For Marty Krofft, the production was a particular headache. Marty accepted guardianship of Jack Wild while the teenage boy was in the United States filming the show.[7] He later described bringing Wild into his home as a mistake, considering that he already had his hands full with two young daughters.[7]

Like most children's television shows of the era, H.R. Pufnstuf contained a laugh track, the inclusion of which the Kroffts were initially against. Sid Krofft commented "We were sort of against that, but Si Rose — being in sitcoms — he felt that when the show was put together that the children would not know when to laugh." Marty Krofft added "the bottom line — it's sad — you gotta tell them when it's funny. And the laugh track, (Si) was right. It was necessary, as much as we were always looking to have a real laugh track, a real audience. In comedies, if you don't have them (laugh track), you're in big trouble, because if you don't hear a laugh track, it's not funny. And that's the way the audience (at home) was programmed to view these shows."[11]

H.R. Pufnstuf appeared in a segment of Sigmund and the Sea Monsters, and along with Witchiepoo in the Lidsville episode "Have I Got a Girl For Hoo Doo", where Hoo Doo conjures Pufnstuf as Witchiepoo's date for a witches' dance. The Krofft Superstar Hour also involved characters in two segments The Lost Island (which H.R. Pufnstuf was in) and Horror Hotel (in which Witchiepoo, Orson Vulture, Seymour Spider, and Stupid Bat are featured with Hoodoo). The Kroffts also loaned out the character, with Hayes reprising her role, for The Paul Lynde Halloween Special, in which she appears as the sister of the Wicked Witch of the West (portrayed by Margaret Hamilton).

Theme song

The show's theme song, titled "H.R. Pufnstuf", was written by Les Szarvas but is also credited to Paul Simon. Simon's credit was added when he successfully sued The Kroffts, claiming that the theme too closely mimicked his song "The 59th Street Bridge Song (Feelin' Groovy)".[12] He is credited as the song's co-writer in TeeVee Tunes's Television's Greatest Hits Volume 5: In Living Color.[13]

A cover of the show's theme song, performed by The Murmurs, is included on the 1995 tribute album Saturday Morning: Cartoons' Greatest Hits, produced by Ralph Sall for MCA Records.


No.TitleOriginal air date
1"The Magic Path"September 6, 1969 (1969-09-06)
Jimmy and H. R. Pufnstuf infiltrate Witchiepoo's castle to rescue Judy Frog so that they can get directions to the Magic Path. The Magic Path is the only way off Living Island. Will Jimmy and Freddy get back home?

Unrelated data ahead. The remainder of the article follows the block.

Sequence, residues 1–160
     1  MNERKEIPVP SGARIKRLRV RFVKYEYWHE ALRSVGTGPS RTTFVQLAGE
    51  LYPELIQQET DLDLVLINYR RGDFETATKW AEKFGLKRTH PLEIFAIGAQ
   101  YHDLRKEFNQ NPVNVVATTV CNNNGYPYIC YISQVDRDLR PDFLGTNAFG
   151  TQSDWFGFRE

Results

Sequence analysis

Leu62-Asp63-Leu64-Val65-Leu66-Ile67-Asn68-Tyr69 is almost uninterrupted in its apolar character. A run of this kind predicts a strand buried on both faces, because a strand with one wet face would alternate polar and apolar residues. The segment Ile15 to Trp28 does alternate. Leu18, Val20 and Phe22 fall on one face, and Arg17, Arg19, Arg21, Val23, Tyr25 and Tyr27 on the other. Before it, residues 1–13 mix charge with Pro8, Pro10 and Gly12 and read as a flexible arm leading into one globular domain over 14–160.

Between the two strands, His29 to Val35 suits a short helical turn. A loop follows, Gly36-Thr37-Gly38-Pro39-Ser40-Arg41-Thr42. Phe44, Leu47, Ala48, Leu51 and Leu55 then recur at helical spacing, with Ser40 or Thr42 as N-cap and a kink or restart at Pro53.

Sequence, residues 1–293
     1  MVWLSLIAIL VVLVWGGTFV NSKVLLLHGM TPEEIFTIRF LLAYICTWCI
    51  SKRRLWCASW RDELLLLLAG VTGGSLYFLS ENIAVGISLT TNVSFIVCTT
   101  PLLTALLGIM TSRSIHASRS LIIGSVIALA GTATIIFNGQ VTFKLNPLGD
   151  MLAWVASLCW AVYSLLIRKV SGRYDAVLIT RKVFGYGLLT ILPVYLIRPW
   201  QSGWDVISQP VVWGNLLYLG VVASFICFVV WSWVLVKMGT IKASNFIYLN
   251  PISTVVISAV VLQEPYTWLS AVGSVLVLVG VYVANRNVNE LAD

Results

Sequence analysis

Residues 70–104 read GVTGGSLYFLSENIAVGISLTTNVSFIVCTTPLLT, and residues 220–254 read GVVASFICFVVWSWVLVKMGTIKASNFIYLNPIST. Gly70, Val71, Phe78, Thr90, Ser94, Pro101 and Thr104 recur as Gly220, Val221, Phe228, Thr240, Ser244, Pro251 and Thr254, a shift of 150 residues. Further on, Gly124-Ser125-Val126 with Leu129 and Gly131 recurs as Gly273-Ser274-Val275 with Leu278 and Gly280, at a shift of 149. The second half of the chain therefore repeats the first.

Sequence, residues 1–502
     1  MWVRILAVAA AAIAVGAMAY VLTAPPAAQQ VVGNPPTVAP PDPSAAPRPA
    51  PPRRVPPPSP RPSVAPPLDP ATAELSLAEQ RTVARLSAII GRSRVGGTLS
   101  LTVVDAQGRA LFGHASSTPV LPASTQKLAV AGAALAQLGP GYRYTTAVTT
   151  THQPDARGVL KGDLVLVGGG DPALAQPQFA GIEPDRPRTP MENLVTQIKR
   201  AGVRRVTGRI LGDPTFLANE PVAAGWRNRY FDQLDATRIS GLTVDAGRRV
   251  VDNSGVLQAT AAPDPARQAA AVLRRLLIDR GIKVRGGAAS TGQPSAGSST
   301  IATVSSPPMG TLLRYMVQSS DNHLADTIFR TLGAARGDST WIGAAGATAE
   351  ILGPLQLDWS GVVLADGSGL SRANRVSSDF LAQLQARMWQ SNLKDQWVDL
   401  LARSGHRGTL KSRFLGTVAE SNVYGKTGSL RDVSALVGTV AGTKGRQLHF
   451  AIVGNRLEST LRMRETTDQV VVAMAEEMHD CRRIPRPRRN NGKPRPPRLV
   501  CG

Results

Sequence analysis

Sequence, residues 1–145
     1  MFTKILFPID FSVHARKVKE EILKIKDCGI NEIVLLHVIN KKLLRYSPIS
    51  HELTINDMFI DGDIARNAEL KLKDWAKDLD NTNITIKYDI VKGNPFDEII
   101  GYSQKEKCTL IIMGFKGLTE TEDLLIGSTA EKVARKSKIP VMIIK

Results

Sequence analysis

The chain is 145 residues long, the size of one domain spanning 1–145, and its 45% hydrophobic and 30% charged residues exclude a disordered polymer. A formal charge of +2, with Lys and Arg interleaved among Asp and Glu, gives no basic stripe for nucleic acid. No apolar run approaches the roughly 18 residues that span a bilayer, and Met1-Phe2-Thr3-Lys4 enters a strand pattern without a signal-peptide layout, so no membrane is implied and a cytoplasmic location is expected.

2"The Wheely Bird"September 13, 1969 (1969-09-13)
Jimmy and H. R. Pufnstuf use a bird-shaped "Trojan Horse" as a ruse to enter Witchipoo's castle and recover Freddy from Witchiepoo.
3"Show Biz Witch"September 20, 1969 (1969-09-20)
When shyster Ludicrous Lion convinces Jimmy that he has a super-duper pogo stick for sale that could bounce him home, H. R. Pufnstuf and Jimmy conduct a talent show to raise the money.
4"The Mechanical Boy"September 27, 1969 (1969-09-27)
After catching him trying to steal her boat, Witchiepoo puts a spell on Jimmy that turns him into a mechanical boy and commands him to acquire Freddy for her. The Clock People have to find a way to cure Jimmy.
5"The Stand In"October 4, 1969 (1969-10-04)
When H. R. Pufnstuf's sister Shirley comes to Living Island to make a movie, Jimmy and Freddie get parts in it. Together, they hatch a plot to get Witchiepoo into the movie so that Jimmy can steal her Vroom Broom to escape.
6"The Golden Key"October 11, 1969 (1969-10-11)
Jimmy buys a map to the location of the Golden Key which unlocks the Golden Door (a secret way off of Living Island), Witchiepoo captures H. R. Pufnstuf and imprisons him in her dungeon diverting Jimmy from his escape.
7"The Birthday Party"October 18, 1969 (1969-10-18)
It's Jimmy's birthday and Pufnstuf and his friends fix a surprise birthday party for him. Witchiepoo invites herself to Jimmy's party and steals Freddy by rendering the partygoers helpless with laughing gas.
8"The Box Kite Kaper"October 25, 1969 (1969-10-25)
Jimmy and Freddy attempt to fly from Living Island in a giant box kite during a kite-flying contest.
9"You Can't Have Your Cake"November 1, 1969 (1969-11-01)
Witchiepoo hides in a cake to steal Freddy. Also, Judy Frog teaches the gang a pre-Michael Jackson Moonwalk dance.
10"The Horse with the Golden Throat"November 8, 1969 (1969-11-08)
The Polka-Dotted Horse accidentally swallows Freddy causing a big catastrophe with Dr. Blinky, H. R. Pufnstuf, and Jimmy.
11"Dinner for Two"November 15, 1969 (1969-11-15)
Jimmy and Freddy both age 70 years when the Clock Family's time machine malfunctions. Witchiepoo mistakes Jimmy for an old man and falls in love with him.
12"Flute, Book and Candle"November 22, 1969 (1969-11-22)